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U.S. Department of Health and Human Services

Inspections, Compliance, Enforcement, and Criminal Investigations

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Great American Deli 7/22/11


Department of Health and Human Services' logoDepartment of Health and Human Services

Public Health Service
Food and Drug Administration

New Orleans District
404 BNA Drive
Building 200, Suite 500
Nashville, TN 37217-1003 
Telephone: 615-366-7801
Facsimile: 615-366-7802

July 22, 2011


Delivery Signature Requested

William B. Sansom, CEO
The H.T. Hackney Company
306 Fidelity Building
Knoxville, Tennessee 37902

Dear Mr. Sansom:

We inspected your seafood processing facility, located at 5828 Ooltewah-Ringgold Road, Ooltewah, Tennessee, on February 28, and March 1-3, 2011. We found you have serious violations of the seafood Hazard Analysis and Critical Control Point (HACCP) regulation, Title 21, Code of Federal Regulations, Part 123 (21 CFR 123), and the Current Good Manufacturing Practice regulation for foods, 21 CFR 110.  In accordance with 21 CFR 123.6(g), failure of a processor of fish or fishery products to have and implement a HACCP plan to comply with this section or otherwise operate in accordance with the requirements of Part 123, renders the fish or fishery products adulterated within the meaning of Section 402(a)(4) [21 United States Code (USC) 342(a)(4)] of the Federal Food, Drug, and Cosmetic Act (the Act).  Accordingly, your Tuna Salad sandwich product is adulterated, because it has been prepared, packed, or held under insanitary conditions whereby it may have been rendered injurious to health.  You may find the Act, the seafood HACCP regulation and the Fish and Fisheries Products Hazards & Controls Guidance through links in FDA's Internet home page at www.fda.gov.

In addition, your firm manufactures a variety of non-seafood sandwich products.  The violation of Part 110 found during our inspection causes your sandwich products to be adulterated within the meaning of Section 402(a)(4) of the Act [21 USC 342(a)(4)] because they have been prepared, packed, or held under insanitary conditions whereby they may have become contaminated with filth, or whereby they may have been rendered injurious to heath.

We acknowledge receipt of your firm’s response dated March 21, 2011, regarding the observations noted on the Form FDA 483, Inspectional Observations (FDA 483) issued to Mr. B. Keith Sullivan, General Manager, on March 3, 2011.  Your responses are addressed below in relation to each violation, as applicable.

Your significant violations were as follows:

Seafood HACCP

1. You must conduct or have conducted a hazard analysis for each kind of fish and fishery product which you produce to determine whether there are food safety hazards which are reasonably likely to occur.  You must have and implement a written HACCP plan, at a minimum, which lists the food safety hazards which are reasonably likely to occur, to comply with 21 CFR 123.6(a) and (c)(1).  A food safety hazard is defined in 21 CFR 123.3(f) as “any biological, chemical, or physical property that may cause a food to be unsafe for human consumption.”  However, your firm’s HACCP plan for Modified Atmosphere Packaged Sandwiches (including Tuna Salad sandwiches) does not list the food safety hazard of scombrotoxin (histamine) formation.  Scombrotoxin (histamine) formation is a food safety hazard which is reasonably likely to occur in your Tuna Salad sandwiches.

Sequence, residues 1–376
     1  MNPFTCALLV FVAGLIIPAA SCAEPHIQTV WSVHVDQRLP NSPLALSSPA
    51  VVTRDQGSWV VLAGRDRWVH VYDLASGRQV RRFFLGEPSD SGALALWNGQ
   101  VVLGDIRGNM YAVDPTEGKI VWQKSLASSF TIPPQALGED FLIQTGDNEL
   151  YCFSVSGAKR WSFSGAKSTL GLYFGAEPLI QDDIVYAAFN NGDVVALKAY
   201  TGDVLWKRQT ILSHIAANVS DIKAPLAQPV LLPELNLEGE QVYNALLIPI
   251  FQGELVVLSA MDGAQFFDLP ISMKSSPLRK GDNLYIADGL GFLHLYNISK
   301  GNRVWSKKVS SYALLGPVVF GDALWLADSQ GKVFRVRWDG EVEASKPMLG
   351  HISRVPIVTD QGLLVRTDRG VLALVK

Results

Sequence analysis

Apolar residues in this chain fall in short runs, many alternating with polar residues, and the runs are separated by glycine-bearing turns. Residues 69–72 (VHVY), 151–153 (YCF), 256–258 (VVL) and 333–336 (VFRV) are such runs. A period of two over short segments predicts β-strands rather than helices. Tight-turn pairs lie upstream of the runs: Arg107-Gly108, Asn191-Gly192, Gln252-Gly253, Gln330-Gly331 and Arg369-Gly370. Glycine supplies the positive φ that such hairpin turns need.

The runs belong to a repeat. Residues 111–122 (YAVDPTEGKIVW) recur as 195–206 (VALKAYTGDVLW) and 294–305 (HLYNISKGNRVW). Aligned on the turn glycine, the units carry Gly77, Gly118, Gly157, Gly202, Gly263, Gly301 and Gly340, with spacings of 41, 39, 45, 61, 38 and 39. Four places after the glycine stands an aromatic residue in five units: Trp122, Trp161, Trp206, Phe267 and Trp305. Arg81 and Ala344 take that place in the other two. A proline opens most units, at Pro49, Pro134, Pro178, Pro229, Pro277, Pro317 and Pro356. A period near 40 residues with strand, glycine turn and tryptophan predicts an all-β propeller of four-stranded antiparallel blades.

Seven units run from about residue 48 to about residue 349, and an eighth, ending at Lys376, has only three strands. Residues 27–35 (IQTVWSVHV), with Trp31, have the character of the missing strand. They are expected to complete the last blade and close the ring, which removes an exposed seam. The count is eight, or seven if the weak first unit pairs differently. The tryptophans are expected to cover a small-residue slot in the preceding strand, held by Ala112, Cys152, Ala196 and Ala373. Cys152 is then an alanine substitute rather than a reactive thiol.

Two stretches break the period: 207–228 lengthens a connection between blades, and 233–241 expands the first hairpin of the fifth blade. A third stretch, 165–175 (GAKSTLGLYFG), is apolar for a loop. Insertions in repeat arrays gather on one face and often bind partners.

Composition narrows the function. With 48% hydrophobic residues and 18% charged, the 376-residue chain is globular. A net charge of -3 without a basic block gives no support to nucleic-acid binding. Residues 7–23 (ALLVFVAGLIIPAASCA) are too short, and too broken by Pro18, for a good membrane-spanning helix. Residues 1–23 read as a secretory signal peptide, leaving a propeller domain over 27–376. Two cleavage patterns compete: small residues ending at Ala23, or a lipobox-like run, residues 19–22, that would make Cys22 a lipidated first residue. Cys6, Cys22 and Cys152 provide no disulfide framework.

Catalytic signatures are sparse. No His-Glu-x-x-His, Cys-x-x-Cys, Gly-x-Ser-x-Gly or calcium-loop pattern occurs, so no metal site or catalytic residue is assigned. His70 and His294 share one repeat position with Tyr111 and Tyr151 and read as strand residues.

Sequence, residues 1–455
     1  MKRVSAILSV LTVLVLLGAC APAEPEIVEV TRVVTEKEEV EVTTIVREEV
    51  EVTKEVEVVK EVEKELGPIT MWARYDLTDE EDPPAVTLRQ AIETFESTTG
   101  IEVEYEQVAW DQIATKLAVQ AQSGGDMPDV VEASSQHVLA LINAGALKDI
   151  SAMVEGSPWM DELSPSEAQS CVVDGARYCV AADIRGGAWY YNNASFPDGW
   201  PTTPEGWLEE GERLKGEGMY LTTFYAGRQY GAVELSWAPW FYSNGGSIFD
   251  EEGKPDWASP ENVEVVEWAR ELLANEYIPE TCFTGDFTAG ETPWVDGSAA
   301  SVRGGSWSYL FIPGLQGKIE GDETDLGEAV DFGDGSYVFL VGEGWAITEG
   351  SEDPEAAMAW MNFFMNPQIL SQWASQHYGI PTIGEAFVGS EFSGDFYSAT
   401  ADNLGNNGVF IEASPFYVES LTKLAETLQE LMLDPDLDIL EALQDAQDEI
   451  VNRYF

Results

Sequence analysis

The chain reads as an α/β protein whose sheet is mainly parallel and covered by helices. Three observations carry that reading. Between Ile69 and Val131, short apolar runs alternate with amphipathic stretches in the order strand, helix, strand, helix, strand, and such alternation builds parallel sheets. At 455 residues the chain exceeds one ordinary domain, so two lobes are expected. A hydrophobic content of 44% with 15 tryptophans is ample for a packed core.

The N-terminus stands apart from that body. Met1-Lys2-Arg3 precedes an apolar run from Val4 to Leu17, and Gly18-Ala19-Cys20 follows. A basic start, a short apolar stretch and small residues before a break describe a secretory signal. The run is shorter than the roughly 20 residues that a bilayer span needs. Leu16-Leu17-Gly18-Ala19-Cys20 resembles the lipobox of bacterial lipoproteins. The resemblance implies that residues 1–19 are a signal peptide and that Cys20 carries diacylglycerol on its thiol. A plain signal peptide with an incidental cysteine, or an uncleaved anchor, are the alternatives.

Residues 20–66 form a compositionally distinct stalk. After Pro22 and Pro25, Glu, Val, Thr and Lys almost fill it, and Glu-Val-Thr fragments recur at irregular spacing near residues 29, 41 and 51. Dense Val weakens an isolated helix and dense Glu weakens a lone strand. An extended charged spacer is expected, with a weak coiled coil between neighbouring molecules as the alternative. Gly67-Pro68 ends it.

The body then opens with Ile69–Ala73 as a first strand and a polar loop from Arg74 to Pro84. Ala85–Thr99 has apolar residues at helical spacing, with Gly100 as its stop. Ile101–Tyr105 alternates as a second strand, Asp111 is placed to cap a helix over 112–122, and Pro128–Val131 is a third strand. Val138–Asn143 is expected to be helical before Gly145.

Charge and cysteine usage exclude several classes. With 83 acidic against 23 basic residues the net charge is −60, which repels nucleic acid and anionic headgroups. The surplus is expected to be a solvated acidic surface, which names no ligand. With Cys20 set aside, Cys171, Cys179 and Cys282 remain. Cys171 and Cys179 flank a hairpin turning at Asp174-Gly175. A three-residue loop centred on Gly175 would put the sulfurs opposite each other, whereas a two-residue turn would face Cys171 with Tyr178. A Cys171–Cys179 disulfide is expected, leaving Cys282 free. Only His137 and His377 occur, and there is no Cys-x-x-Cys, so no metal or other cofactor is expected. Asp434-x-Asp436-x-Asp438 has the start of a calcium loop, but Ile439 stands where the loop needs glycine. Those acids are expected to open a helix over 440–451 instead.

For additional information and guidance related to the hazard of histamine (scombrotoxin) formation, please refer to Chapter 7 of the Fish and Fisheries Products Hazards and Controls Guidance: 4th Edition (the Hazards Guide), available through links in FDA's Internet home page at www.fda.gov or directly at http://www.fda.gov/food/guidancecomplianceregulatoryinformation/guidancedocuments/seafood/fishandfisheriesproductshazardsandcontrolsguide/default.htm.

2. Because you chose to include a corrective action plan in your HACCP plan, your described corrective actions must be appropriate, to comply with 21 CFR 123.7(b).  However, your corrective action plan for Modified Atmosphere Packaged Sandwiches (including Tuna Salad sandwiches) at the metal detection critical control point to control metal inclusion is not appropriate. 

Your HACCP plan lists “[r]emove contaminated product” as the corrective action for the detection of metal in your finished product.  Metal-to-metal contact and equipment with metal parts which can break loose are likely sources of metal that may enter food during processing, yet your corrective action plan fails to address the possibility that metal fragments found in your product are the result of problems with the equipment in your facility.  FDA recommends when a product rejected by a metal detector is evaluated and found to contain a metal fragment, you take the corrective action of attempting to locate and correct the source of the fragments found in the product by the metal detector.

For example, your Corrective Action Report for March 1, 2011, documents Line 1 was stopped during processing of Tuna Salad Lot Number 060.  The report documents the “metal detector stopped” and, under the column entitled “Action taken: Product” states “isolated problem sandwich & took apart running through metal detector until I found problem.”  Your quality control manager stated to our investigators the manufacturing equipment was not broken down or inspected and it was assumed by the firm that the metal fragment came from raw ingredients.  This response failed to ensure the cause of the deviation was corrected, as the metal fragment may have originated from your facility’s equipment.